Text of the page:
Dubey says that 12 hours of fielding calls and remaining alert is exhausting. Image: Ujjal Routh
Six years ago, 49-year-old Ramashankar Dubey travelled 1,200 kms from Satna to Mumbai in search of a job, leaving behind a family of seven—a wife, five daughters and a son.
, as he is popularly known, is an employee of Aawaz Security Services and is serving as a guard at a cooperative housing society in Powai, Mumbai, drawing a salary of Rs10,000. He remits Rs6,000 to his family through money order each month.
Owing to the pandemic, his routine has changed considerably, as the 14-storeyed building with 55 flats has close to no visitors—all the more so because two Covid-19 cases were reported in the building last week, causing a complete restriction of movement imposed by the BMC. Also, many flats lie vacant as several residents left for their hometowns as soon as the lockdown was eased.
Before the coronavirus took hold of our lives, Dubey was responsible for making an entry in his register of every visitor who entered the building (ranging from a domestic helper, plumber, electrician, to a courier delivery person). When the managing committee switched to using an app-based service to alert the residents every time a visitor arrived at Dubey’s desk, Dubey would diligently record every detail of the visitor, in addition to taking a photograph before sending out the alert to their mobile phones.
Those were hectic times. Apart from operating the water pump and monitoring the electricity meter room he would also be required to keep an eye on the four-camera CCTV, recording any movement inside the elevators, and the entry and exit points. Occasionally he would also run errands for the chairman and the secretary at the society office, such as photocopying documents, getting signatures on a cheque etc.
Dubey, who has been appointed for the morning shift, reports to work at 7:55am to take over charge from the night guard. With most residents holed up indoors, Dubey has become a window to the outside world. Throughout the day, he fields calls from curious residents on the intercom, and answers all their queries. “Dubeyji, sabziwala aaya hai kya?” “Dubeyji, kitchen mein paani kab aayega?” “Dubeyji, hamara parcel aya hai. Lift mein rakhkar floor number daba dijiye, hum collect kar lenge,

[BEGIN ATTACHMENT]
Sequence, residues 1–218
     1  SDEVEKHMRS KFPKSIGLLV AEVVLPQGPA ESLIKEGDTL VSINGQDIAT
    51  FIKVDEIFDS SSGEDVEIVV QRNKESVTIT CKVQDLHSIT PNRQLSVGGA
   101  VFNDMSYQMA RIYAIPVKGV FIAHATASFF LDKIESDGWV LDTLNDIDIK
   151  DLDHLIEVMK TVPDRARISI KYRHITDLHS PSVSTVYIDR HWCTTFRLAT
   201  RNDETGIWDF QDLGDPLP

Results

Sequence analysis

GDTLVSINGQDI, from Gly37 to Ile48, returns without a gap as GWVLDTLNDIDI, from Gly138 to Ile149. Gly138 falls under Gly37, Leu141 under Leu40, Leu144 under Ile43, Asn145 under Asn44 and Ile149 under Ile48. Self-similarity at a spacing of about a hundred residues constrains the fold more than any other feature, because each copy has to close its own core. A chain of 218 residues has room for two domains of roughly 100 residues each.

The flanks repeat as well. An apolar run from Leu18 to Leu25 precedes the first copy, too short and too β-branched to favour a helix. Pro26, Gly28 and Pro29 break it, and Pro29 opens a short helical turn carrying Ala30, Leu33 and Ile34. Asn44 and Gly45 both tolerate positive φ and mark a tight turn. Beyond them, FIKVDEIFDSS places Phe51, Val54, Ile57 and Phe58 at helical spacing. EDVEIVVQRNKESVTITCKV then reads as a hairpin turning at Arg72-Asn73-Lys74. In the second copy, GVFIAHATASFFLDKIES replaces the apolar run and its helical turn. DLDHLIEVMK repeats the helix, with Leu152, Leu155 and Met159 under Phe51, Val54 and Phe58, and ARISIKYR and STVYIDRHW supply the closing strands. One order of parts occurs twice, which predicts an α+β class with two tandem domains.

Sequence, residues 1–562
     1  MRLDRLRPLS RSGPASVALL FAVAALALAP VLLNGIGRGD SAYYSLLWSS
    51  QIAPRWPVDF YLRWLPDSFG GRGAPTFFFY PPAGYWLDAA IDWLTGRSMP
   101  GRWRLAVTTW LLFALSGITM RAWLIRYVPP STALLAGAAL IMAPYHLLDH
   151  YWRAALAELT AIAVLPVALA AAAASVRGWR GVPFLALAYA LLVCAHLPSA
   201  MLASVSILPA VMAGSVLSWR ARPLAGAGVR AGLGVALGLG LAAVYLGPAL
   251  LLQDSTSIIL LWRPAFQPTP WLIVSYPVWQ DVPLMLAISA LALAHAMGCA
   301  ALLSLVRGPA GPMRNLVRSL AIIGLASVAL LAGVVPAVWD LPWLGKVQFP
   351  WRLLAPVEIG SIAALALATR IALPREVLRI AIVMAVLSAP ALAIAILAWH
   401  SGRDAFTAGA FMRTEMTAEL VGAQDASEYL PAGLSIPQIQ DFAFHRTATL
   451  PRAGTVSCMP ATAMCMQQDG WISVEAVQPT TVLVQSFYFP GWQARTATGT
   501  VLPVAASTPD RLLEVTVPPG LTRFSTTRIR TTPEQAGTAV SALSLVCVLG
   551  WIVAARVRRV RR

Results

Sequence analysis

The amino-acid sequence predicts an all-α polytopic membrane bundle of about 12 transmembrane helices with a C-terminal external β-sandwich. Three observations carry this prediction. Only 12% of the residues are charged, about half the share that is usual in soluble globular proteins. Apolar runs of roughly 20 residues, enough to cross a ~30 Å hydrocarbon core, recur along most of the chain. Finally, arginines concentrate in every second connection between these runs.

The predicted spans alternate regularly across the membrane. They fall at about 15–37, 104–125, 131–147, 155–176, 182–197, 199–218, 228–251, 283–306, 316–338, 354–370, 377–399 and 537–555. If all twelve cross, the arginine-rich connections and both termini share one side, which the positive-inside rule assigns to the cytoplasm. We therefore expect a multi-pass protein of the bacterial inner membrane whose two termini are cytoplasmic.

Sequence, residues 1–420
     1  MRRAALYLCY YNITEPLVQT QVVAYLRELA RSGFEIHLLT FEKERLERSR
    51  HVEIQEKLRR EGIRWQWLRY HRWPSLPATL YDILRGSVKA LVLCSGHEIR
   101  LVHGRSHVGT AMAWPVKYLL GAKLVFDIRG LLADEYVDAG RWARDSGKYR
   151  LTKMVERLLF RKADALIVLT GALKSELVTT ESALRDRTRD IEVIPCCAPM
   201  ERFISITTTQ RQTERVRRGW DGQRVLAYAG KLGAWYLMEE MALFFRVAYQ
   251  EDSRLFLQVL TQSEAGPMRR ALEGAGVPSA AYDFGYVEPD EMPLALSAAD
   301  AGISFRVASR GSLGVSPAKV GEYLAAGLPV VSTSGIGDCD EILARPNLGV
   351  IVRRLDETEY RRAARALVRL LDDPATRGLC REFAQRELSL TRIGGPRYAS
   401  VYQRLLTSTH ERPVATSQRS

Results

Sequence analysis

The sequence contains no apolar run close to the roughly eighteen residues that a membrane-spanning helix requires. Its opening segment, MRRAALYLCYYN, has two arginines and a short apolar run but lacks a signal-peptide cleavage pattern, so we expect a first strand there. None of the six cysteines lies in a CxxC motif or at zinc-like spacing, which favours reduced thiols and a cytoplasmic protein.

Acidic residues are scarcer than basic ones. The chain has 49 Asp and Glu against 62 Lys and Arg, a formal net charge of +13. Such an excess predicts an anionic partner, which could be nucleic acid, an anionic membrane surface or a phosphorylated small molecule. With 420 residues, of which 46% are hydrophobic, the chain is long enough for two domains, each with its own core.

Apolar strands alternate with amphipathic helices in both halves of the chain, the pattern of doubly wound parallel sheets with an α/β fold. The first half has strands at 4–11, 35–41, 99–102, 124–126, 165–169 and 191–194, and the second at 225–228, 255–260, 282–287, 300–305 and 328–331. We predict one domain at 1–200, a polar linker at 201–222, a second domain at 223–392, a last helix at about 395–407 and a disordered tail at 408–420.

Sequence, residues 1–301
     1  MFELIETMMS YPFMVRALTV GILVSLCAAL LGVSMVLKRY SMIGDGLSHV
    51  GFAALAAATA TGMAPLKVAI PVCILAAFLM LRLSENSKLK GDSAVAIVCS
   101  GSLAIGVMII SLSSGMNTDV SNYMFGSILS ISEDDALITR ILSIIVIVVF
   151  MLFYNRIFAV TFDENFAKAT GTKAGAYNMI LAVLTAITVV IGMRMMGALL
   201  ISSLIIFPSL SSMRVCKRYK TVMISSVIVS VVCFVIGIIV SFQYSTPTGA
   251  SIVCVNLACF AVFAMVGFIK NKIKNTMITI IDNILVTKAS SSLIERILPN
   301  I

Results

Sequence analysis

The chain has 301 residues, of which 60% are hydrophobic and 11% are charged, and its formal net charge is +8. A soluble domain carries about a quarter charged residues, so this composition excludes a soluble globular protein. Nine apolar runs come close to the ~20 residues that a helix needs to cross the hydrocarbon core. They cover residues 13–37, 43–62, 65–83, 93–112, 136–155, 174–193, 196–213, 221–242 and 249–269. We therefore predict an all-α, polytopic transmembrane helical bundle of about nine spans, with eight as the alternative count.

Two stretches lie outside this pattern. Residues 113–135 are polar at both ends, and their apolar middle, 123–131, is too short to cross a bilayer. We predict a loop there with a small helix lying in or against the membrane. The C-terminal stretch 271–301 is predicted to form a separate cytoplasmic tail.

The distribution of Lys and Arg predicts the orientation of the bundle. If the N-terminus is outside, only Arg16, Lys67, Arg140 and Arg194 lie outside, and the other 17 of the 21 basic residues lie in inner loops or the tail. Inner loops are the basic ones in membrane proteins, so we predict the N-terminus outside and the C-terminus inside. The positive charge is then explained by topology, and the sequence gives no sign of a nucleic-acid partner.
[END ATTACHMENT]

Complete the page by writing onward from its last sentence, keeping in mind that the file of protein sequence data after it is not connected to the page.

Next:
” and the list is endless.
Last week, when the building went into containment, Dubey helped the family of the patient by delivering all the orders placed by the patient’s wife to her doorstep. He assures this writer that he uses the sanitiser frequently and practices social distancing. The society has recently purchased a sanitiser spray, and his new task involves spraying every lobby and the door of every flat in the 14-
When the day ends at 8pm, Dubey returns home to a space he shares with three guards in a 64-sq ft guardroom within Narayan Plaza in Chandivali. Since the other two guards are on night duty, he has the room all to himself after a tiring 12-hour duty. He claims even though his work is not strenuous at the moment and does not involve physical labour, 12 hours of sitting on a chair, answering calls and remaining alert all the time is exhausting. Staying away from his family is not easy either. “Majboori hai, karna padta hai [There’s no choice, I have to do it]
”, he says with a sigh. But he sounds happy to declare that he has managed to get two daughters married, and now only three remain.
This is part of a daily series on how Covid-19 has upended the lives of essential workers across the country. Read more here